A Concord resident (name withheld for privacy) has changed his mind about aggressive breeds of dogs, especially pit bulls. Before an incident 3 years ago, he was of the opinion that pit bull owners were problematic, not the animals themselves. However, when 3 of the 5 pit bulls he kept in his garage mauled his 2-year-old step-grandson to death, he was left devastated.
One afternoon, he was left in charge of the toddler, as his wife worked nights and slept during the day. That day in particular, however, he decided to play some tennis away from the home with his own son. The toddler was left with his sleeping grandmother, and no one to watch him or his young brother. Couple this irresponsibility with the fact that family members had already urged him to rid his home of the 5 pets out of concern for the safety of the young children in the house and this case became a prosecutor’s dream. The child wandered into the garage; the pit bulls attacked his face and nearly chewed off his arm; the child was already deceased when he was found a short time later.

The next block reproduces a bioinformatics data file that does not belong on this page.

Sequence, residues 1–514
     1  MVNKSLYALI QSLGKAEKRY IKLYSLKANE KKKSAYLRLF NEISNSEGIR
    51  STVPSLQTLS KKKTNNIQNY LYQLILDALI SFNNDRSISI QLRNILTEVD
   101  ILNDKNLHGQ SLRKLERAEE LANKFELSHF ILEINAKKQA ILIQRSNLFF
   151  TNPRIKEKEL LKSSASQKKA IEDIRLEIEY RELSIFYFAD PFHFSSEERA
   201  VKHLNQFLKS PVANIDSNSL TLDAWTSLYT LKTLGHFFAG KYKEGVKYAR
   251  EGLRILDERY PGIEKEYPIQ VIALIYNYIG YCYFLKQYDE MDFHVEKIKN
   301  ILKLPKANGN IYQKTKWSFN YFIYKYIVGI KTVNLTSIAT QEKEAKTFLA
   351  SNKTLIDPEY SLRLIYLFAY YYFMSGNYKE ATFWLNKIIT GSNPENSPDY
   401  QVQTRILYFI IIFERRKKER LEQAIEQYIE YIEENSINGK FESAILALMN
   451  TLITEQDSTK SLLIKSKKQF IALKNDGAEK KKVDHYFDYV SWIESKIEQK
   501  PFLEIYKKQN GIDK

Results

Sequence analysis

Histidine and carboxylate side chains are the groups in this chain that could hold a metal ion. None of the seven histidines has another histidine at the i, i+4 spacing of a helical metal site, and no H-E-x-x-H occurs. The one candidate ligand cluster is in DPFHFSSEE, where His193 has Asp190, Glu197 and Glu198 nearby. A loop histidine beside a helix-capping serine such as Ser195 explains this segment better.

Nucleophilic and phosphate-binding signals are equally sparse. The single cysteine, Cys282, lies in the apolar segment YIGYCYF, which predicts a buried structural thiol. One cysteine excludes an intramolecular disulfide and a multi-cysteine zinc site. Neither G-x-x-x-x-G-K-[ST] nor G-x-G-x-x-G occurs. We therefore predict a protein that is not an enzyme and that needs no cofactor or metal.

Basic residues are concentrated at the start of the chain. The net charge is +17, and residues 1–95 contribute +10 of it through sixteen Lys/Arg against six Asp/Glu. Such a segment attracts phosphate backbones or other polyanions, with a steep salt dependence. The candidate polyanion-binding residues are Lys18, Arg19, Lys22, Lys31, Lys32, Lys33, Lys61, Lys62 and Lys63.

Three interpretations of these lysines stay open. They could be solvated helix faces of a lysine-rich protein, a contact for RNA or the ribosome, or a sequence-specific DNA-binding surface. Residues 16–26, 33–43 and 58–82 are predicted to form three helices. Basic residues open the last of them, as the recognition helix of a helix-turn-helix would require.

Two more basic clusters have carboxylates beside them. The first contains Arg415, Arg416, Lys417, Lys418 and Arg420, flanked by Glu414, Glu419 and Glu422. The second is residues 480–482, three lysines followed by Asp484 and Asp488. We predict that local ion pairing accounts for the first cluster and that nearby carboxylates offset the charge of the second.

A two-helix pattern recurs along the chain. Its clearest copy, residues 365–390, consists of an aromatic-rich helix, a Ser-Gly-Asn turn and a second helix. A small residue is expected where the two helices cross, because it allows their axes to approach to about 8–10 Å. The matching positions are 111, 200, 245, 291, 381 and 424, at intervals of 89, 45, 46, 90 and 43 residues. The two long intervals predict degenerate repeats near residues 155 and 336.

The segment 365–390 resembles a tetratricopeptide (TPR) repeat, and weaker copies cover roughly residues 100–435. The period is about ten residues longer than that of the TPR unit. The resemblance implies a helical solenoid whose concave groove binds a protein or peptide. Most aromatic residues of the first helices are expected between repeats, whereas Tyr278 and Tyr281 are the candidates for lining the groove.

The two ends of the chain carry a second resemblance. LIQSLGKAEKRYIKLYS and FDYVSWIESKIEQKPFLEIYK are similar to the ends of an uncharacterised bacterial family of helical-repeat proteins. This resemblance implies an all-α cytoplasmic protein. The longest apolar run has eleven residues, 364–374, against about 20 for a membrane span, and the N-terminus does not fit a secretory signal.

The Judge determined in 2011, as has been decided in many recent Bay Area cases, that there was not enough evidence to charge with murder. In order for that to be the case, prosecutors would have had to prove that the pit bulls had previously been involved in violent attacks on humans. However, he has been charged with involuntary manslaughter (CA Penal Code 192(b)) and child endangerment (CA Penal Code 273(a)) and is currently facing up to 10 years in prison for what amounts to his thoughtlessness. Should he have been more cautious? Should he have locked the door to the garage? The answer to both of these questions is a resounding “yes.” Yet, we have to wonder if he’s the only one to blame for this tragedy. Certainly, this evidence does not add up to murder.